Aisles blend in Springfield to move a controversial piece of legislation through the Illinois Senate. We first told you about the idea last week.
It took a bi-partisan effort to approve the idea of getting Illinois' illegal immigrants drivers' licenses. That's in the senate. This comes during the second to last day of an otherwise uneventful veto session.
If it makes it through, applicants must prove they've lived here for one year then prove their identity.
Applicants must pass the same driving tests as Illinois residents and if awarded the Temporary Visitor Driver's License they must get insurance and face the same traffic violation penalties as residents.
"Senate Bill 957 takes that head on and says we're going to make this about public safety and make our roads safer," said Illinois House Republican Leader Tom Cross.
A plan introduced by Illinois democratic Governor Pat Quinn get's backed by not one, not two, but a handful of high profile republicans.
House GOP leader Tom Cross is on board. As are senate republican leader Christine Radogno, state Comptroller Judy Baar-Topinka and former Governor Jim Edgar.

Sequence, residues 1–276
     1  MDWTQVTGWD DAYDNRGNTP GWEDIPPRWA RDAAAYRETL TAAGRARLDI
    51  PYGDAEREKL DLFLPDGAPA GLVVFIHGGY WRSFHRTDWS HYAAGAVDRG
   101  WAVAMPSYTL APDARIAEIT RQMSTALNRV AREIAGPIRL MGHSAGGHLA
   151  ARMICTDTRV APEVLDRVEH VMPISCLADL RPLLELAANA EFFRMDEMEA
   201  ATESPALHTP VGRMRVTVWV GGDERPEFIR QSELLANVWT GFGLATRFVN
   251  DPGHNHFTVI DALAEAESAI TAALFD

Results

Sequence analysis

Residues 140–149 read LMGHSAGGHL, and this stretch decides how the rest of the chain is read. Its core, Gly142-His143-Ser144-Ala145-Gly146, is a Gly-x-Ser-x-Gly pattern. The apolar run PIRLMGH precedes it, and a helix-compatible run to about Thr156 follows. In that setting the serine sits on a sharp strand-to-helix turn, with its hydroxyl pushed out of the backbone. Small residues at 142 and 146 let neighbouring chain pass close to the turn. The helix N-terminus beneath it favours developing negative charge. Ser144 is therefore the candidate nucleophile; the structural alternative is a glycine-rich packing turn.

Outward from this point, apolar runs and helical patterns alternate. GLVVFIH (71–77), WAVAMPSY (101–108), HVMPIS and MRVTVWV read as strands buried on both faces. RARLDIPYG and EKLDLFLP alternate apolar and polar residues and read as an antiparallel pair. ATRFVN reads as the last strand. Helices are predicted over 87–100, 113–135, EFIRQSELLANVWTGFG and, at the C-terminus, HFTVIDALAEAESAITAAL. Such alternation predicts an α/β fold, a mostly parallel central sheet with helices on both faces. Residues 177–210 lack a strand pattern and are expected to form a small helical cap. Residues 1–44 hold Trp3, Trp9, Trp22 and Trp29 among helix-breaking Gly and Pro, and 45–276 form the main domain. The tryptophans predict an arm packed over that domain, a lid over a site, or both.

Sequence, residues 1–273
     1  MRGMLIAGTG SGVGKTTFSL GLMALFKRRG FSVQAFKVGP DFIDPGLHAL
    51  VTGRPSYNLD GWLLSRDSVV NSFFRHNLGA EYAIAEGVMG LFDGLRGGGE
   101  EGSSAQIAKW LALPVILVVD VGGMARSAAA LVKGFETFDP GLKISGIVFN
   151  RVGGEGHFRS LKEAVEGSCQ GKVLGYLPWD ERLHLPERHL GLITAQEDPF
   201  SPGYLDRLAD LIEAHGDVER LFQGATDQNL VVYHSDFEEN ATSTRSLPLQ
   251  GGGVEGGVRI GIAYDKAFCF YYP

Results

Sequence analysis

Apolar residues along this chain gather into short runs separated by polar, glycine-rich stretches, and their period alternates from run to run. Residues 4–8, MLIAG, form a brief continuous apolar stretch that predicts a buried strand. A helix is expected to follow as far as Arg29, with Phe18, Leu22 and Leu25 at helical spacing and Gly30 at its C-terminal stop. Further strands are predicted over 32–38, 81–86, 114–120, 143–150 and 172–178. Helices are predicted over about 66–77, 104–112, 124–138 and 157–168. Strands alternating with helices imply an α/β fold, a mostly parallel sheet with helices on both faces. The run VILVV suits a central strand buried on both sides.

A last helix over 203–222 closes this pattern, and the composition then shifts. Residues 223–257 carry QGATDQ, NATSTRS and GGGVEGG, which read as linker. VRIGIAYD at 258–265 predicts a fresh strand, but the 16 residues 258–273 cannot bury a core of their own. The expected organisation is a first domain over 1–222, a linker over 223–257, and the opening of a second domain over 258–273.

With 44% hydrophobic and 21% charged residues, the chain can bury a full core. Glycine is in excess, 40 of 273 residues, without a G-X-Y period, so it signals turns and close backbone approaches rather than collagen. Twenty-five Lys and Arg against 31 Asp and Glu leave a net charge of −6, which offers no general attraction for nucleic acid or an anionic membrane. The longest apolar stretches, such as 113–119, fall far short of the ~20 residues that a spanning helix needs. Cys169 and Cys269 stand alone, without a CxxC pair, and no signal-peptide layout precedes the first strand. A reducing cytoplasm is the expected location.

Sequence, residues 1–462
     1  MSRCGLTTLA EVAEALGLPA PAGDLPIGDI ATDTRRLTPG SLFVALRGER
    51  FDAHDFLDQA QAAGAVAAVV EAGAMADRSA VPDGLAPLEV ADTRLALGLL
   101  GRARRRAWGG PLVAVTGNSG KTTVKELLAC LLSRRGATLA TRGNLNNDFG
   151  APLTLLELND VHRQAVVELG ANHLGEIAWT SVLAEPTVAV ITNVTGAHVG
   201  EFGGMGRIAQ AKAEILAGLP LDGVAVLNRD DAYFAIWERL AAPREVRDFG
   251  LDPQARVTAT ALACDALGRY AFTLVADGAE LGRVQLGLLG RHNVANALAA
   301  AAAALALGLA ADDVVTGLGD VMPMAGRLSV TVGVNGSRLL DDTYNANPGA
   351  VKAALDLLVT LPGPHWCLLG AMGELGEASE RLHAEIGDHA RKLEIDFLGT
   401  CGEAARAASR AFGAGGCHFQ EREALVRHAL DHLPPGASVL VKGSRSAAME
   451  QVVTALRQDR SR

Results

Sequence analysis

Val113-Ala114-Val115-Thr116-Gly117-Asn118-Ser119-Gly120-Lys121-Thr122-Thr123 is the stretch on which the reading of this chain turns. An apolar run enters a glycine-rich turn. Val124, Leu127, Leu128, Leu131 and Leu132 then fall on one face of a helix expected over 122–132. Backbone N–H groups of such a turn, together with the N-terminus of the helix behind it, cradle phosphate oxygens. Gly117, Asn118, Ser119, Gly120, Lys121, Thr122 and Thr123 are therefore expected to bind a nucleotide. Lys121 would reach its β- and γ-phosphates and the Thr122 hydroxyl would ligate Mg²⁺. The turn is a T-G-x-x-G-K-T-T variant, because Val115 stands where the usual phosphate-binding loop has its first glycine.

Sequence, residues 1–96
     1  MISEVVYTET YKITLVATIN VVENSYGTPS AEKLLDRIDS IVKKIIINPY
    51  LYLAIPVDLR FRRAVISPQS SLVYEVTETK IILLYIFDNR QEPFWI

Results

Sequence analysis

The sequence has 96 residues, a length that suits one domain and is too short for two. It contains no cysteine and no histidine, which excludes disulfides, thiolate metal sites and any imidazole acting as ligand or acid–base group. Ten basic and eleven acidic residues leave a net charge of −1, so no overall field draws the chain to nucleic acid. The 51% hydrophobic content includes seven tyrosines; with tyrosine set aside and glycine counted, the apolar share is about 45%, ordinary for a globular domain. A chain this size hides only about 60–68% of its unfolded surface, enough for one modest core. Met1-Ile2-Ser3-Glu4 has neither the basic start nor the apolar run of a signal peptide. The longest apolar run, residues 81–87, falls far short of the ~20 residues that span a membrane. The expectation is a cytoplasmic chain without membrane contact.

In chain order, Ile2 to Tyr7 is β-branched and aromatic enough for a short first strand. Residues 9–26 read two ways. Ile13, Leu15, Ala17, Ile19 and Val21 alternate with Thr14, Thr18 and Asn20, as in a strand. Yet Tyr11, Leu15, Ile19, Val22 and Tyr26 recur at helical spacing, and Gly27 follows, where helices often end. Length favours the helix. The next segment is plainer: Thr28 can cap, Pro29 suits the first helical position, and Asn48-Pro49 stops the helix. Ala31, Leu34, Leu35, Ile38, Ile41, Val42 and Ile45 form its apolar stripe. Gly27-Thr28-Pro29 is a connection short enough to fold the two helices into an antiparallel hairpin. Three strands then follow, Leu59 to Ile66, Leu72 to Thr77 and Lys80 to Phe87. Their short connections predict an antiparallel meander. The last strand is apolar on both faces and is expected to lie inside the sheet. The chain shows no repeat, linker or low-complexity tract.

"I think anyone who's concerned about safety on the highways would be supportive of this legislation," said Edgar.
At least one local republican representative isn't budging. 69th District Rep. Joe Sosnowski says the idea blurs the line of citizenship.
"Still concerned with the issue of giving benefits to people who are here illegally and giving the same benefits that legal citizens have," said Sosnowski.
Senator Christine Radogno supports the bill. She says a lack of action in Washington is one reason. That's something Sosnowski agrees with.
"We have a problem in this country that the federal government has not addressed the issue of undocumented immigrants," said Radogno.
"I understand their rationality I would just agree to disagree on the specifics of it and I think again the thing that we should be doing is promoting a national decision on immigration and immigration reform," said Sosnowski.
The senate bill passed this afternoon now it moves on to the house. No word on when that vote will be taken.
Republicans Tim Bivins, Christine Johnson and Dave Syverson all voted "no".